Utah audiences captivated by the art of the story
Sep 24, 2018 11:46AM
By Jana Klopsch
Donald Davis, a celebrated national storyteller from North Carolina, appeared at the Viridian Event Center for a free evening concert as part of the Timpanogos Storytelling Festival. (Whitney Cox/City Journals)
By Whitney Cox | [email protected]
In the words of Becky Harwood, first-time attendee of the Timpanogos Storytelling Festival, “Captivating! They had you right there.”
This year is the 29th annual Timpanogos Storytelling Festival and Conference held at Thanksgiving Point. It all started when founder Karen Ashton went to the National Storytelling Festival and was so struck by the art of storytelling that she wanted to bring it back to Utah. It began in her backyard and has grown to a world-renowned storytelling festival.
“We just bring, really, the best storytellers in the world to the heart of Utah,” said Marilee Clark, Program Director of Timpanogos Storytelling. “It’s a great place to come and listen to stories. There’s a great sense of connection that’s involved in storytelling. It’s a great family activity. It’s a great time for friends to come and laugh and cry and feel together. It’s really a fun and meaningful experience.”
As part of the Timpanogos Storytelling Festival, each year kicks off with a free concert at the Viridian Event Center, featuring a few major storytellers. It really is the best-kept secret, as it is the only free concert in the festival. It isn’t the “opening act” material you would expect either. This year, two nationally renowned storytellers took the stage: Donald Davis and Sheila Arnold.
“Donald is an icon in the storytelling world,” Clark said. “He’s been at this storytelling festival since the second festival in 1990. He’s really been instrumental in building this festival to what it is today.”
Donald Davis did not disappoint. His story of his Uncle Frank, who “is in charge of bad decisions” had the audience laughing out loud. It’s obvious he has a natural gift, even if he doesn’t know how he first started telling stories.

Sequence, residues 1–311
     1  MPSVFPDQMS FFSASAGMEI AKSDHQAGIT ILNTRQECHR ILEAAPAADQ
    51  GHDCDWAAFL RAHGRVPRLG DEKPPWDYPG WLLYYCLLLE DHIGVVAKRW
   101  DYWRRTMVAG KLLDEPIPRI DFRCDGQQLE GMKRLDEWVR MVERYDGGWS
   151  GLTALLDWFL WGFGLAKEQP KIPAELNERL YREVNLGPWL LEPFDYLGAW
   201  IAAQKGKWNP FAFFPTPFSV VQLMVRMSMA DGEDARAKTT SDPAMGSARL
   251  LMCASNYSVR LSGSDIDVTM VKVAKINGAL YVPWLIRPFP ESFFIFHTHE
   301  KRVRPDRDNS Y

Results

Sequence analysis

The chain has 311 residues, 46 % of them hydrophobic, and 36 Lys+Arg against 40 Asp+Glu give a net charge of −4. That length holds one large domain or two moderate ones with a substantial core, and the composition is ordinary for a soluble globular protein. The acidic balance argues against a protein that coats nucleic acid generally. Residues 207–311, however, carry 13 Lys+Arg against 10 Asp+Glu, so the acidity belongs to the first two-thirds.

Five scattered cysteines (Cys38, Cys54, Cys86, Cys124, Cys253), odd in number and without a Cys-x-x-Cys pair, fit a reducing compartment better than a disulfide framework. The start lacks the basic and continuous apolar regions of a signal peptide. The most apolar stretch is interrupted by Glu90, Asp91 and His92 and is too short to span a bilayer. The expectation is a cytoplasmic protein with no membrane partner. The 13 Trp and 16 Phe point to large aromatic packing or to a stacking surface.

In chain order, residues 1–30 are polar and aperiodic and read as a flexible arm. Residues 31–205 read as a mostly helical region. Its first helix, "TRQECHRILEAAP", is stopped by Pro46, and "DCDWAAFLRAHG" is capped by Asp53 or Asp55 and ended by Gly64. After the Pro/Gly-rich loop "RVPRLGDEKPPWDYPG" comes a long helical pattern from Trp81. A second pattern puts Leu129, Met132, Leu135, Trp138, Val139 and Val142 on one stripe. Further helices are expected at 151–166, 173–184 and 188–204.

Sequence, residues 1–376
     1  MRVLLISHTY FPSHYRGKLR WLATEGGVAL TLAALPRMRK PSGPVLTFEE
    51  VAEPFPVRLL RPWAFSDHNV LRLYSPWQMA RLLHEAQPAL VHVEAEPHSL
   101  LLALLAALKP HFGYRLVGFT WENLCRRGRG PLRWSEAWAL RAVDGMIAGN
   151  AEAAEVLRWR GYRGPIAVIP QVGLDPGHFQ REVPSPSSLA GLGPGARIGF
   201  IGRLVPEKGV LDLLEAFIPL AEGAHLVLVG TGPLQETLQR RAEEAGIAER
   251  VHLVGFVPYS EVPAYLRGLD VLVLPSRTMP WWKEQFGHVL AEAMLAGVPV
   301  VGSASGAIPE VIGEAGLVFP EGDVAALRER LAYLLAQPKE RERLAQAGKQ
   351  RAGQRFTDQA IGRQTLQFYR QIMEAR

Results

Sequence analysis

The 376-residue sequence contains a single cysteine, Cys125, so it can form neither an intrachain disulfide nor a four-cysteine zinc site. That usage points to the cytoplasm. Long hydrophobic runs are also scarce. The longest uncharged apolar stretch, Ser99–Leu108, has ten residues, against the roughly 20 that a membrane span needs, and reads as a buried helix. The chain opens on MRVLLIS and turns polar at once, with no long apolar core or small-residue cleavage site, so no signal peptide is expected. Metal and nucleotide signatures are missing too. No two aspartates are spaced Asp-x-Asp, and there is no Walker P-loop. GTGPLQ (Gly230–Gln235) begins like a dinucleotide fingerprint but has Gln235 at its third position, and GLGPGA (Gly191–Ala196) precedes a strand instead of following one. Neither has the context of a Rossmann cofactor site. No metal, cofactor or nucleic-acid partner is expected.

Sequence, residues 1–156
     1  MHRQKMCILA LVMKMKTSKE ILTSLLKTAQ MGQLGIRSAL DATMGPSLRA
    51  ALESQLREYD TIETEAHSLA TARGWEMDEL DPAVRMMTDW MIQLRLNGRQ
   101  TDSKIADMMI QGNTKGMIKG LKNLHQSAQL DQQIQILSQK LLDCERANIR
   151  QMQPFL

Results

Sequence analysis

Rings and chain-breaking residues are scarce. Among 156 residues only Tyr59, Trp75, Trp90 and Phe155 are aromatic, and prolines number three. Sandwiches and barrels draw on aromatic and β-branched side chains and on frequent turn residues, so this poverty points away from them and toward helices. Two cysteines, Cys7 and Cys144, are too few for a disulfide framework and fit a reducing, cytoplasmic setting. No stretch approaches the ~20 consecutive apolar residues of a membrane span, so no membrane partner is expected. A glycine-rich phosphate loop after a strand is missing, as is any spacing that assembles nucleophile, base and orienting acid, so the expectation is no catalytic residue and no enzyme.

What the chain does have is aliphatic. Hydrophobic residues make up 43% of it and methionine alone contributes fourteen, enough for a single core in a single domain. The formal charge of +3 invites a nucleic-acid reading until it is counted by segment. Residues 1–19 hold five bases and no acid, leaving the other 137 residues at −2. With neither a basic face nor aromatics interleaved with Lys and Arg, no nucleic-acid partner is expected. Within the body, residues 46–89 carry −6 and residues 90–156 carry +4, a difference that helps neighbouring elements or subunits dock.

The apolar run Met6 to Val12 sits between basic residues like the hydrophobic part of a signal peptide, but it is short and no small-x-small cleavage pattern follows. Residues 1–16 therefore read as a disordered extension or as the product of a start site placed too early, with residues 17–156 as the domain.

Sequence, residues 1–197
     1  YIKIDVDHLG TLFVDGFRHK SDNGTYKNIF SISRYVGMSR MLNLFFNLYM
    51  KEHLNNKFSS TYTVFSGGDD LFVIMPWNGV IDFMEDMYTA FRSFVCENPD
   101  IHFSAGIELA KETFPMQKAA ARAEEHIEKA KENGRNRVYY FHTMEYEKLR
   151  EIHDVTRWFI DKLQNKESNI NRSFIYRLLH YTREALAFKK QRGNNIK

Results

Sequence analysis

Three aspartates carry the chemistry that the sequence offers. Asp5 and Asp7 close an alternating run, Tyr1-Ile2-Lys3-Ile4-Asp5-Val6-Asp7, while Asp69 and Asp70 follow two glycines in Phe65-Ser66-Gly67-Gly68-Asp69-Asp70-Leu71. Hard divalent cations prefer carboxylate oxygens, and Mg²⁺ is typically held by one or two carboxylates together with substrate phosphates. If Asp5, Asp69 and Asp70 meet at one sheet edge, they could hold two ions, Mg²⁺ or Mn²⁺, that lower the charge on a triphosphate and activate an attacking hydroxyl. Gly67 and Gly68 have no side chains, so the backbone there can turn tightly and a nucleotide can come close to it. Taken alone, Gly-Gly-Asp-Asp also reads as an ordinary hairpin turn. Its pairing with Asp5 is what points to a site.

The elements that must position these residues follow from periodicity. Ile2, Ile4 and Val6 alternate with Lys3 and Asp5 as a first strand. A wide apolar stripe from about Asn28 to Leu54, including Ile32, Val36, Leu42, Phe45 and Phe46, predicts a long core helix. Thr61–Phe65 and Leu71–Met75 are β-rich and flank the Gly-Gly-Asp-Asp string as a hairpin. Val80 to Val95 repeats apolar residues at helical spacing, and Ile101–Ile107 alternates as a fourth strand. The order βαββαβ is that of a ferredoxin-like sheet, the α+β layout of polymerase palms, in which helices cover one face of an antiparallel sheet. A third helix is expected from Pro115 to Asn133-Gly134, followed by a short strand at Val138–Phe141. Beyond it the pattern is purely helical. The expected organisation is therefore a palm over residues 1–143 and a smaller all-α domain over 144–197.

“I don’t know. I really don’t know,” Davis said. “I grew up in a big family where everybody just talked all the time. I didn’t even know it was stories. I would hear interesting things, and then I would go tell somebody else about it. And then people would say, tell that again, tell that again. Then they would actually have me come tell stories for programs, like for the Lions Club and stuff like that.”
Davis has been telling stories professionally for 38 years and will be presenting in Vermont, Virginia, Pennsylvania and Tennessee in the next month alone.
Shelia Arnold tells a similar experience when asked how she became a storyteller.
“I was raised around storytellers, so I’ve had storytelling in my life all my life,” she said. “Then I had a son, so I started creating stories and songs. That’s what I thought all parents did. Then I learned it wasn’t. So, I started doing it for his daycare, and his daycare took me to one person, who sent me to another to another, and eventually—I always visited all the schools—and eventually, I got to Colonial Williamsburg in Virginia. And there, they actually paid me to be a storyteller. It was lovely.”
Arnold is newer to the storytelling world; she began her career around 2004. She tells stories from history, folk tales, children’s tales and even does character roles and presentations, which are “a whole other kind of historical storytelling,” said Arnold.
“I go to 398.2 in the library over in the kids’ section, Arnold said. “I take the books off the shelf, the ones that haven’t been touched since they were ever put on the shelf, and I read some of those stories.”
The Timpanogos Storytelling Festival also has a second part: the conference, where aspiring storytellers can receive helpful tools for their craft from professional experts in the storytelling world.
“It’s great as a performing art, but every one of us has the opportunity to sharpen the way we tell our own stories, and that has benefits for ourselves as individuals and for our families and our communities,” said Clark. “The process of telling a story, and listening is really a process of connection and building relationships. It has long-reaching benefits.”
It seems only fitting to end with the reaction of Halene Draper, who attended the event at the Viridian for a girl’s night out.
“This was my first time at a storytelling event,” Draper said. “When they were done, you couldn’t even believe how long it had been.”
For more information about the Timpanogos Storytelling Festival, see timpfest.org.